Query: NC_007963:3225306 Chromohalobacter salexigens DSM 3043, complete genome Lineage: Chromohalobacter salexigens; Chromohalobacter; Halomonadaceae; Oceanospirillales; Proteobacteria; Bacteria General Information: Chromohalobacter salexigens DSM 3043 was first isolated from a solar salt facility on Bonaire Island, Netherlands Antilles. A moderate halophile which can grow on a variety of salts. This bacterium is a moderate halophile, yet does not require high concentrations of sodium chloride. The salt requirements of this organism can be met by ions of other salts, such as potassium, rubidium, ammonium, bromide. Several plasmids have been isolated from this organism. Plasmid pMH1 contains genes for resistance to kanamycin, neomycin, and tetracycline. A smaller plasmid, pHE1, which does not code for antibiotic resistance genes, has also been isolated.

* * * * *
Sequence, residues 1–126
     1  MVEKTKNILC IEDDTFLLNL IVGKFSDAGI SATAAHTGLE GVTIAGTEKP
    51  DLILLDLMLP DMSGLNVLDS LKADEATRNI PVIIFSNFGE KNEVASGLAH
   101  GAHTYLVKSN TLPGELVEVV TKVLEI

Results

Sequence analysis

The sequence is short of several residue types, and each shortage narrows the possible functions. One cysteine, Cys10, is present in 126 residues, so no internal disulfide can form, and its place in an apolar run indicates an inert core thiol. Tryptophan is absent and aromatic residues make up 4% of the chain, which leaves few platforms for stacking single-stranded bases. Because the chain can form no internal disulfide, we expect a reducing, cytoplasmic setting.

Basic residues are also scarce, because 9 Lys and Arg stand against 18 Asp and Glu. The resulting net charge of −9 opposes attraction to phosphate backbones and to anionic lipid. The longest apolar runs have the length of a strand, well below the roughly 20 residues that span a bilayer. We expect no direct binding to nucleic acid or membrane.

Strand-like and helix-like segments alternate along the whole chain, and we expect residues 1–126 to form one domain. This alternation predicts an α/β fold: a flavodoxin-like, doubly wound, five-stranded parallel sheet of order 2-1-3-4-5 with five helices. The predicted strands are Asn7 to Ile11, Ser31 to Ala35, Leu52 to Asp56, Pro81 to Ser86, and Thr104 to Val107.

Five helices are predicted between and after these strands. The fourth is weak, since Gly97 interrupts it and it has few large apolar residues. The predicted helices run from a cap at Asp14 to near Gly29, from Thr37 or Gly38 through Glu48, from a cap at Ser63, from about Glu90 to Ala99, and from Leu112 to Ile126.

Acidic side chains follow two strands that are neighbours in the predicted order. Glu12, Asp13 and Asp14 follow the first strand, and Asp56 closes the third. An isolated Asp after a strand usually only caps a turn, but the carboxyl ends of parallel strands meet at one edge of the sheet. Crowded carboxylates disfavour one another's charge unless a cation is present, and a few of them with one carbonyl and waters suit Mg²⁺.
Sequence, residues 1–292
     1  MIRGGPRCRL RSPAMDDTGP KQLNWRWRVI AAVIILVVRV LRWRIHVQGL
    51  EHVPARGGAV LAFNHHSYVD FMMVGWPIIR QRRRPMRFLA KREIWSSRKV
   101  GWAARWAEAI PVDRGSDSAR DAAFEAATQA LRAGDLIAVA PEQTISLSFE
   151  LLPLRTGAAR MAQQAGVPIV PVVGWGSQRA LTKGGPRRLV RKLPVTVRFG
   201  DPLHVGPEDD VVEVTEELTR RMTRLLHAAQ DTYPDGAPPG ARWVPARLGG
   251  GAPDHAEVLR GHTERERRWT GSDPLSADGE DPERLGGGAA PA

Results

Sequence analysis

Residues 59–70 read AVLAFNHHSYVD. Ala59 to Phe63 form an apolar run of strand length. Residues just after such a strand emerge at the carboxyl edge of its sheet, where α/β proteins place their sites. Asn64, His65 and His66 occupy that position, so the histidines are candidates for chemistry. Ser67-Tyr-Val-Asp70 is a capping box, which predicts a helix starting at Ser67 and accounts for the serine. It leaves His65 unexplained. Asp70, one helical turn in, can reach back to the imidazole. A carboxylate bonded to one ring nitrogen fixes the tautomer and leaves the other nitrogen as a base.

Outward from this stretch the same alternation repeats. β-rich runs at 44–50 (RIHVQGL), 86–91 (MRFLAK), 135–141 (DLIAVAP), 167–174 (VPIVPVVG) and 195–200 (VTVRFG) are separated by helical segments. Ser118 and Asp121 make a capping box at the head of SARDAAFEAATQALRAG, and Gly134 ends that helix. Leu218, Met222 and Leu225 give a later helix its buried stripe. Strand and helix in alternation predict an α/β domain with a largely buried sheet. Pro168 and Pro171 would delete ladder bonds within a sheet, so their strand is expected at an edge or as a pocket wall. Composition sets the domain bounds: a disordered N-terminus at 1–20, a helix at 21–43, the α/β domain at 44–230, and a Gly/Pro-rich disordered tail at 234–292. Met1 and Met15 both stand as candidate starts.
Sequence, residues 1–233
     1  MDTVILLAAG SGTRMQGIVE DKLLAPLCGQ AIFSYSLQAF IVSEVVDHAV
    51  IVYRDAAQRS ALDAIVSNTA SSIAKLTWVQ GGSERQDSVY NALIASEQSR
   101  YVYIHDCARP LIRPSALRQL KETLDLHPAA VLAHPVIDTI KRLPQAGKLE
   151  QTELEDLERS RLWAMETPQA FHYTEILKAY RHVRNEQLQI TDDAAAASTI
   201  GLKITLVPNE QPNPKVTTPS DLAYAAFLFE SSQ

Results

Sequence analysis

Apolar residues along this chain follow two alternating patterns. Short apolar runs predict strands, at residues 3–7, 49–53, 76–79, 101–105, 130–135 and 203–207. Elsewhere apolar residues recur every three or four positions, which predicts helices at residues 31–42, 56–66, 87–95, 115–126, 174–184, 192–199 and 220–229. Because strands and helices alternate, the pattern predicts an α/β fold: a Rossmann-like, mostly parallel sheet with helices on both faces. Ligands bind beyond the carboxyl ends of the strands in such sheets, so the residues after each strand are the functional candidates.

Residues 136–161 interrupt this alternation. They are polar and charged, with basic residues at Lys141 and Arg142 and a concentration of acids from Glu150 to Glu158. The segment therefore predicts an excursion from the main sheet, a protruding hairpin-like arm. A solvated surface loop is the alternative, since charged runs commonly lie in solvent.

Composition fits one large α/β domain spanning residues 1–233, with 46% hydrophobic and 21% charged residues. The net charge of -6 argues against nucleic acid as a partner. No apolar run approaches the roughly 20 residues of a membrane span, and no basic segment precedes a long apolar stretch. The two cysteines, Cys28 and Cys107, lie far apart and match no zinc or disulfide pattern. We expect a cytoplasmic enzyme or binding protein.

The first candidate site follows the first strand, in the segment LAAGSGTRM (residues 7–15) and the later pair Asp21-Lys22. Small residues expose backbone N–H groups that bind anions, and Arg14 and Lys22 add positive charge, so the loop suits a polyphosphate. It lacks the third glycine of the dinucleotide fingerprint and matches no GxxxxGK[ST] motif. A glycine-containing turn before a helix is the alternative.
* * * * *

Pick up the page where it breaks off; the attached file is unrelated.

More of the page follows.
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General Information: Pseudomonas aeruginosa LESB58 is a member of the Liverpool epidemic strains (LES) first isolated at the Liverpool Cystic Fibrosis (CF) clinic center. These isolates are highly virulent and readily transfered between CF patients and to non-CF individuals. Bacteria belonging to the Pseudomonas group are common inhabitants of soil and water and can also be found on the surfaces of plants and animals. Pseudomonas bacteria are found in nature in a biofilm or in planktonic form. Pseudomonas bacteria are renowned for their metabolic versatility as they can grow under a variety of growth conditions and do not need any organic growth factors. This organism is an opportunistic human pathogen. While it rarely infects healthy individuals, immunocompromised patients, like burn victims, AIDS-, cancer- or cystic fibrosis-patients are at increased risk for infection with this environmentally versatile bacteria. It is an important soil bacterium with a complex metabolism capable of degrading polycyclic aromatic hydrocarbons, and producing interesting, biologically active secondary metabolites including quinolones, rhamnolipids, lectins, hydrogen cyanide, and phenazines. Production of these products is likely controlled by complex regulatory networks making Pseudomonas aeruginosa adaptable both to free-living and pathogenic lifestyles. The bacterium is naturally resistant to many antibiotics and disinfectants, which makes it a difficult pathogen to treat.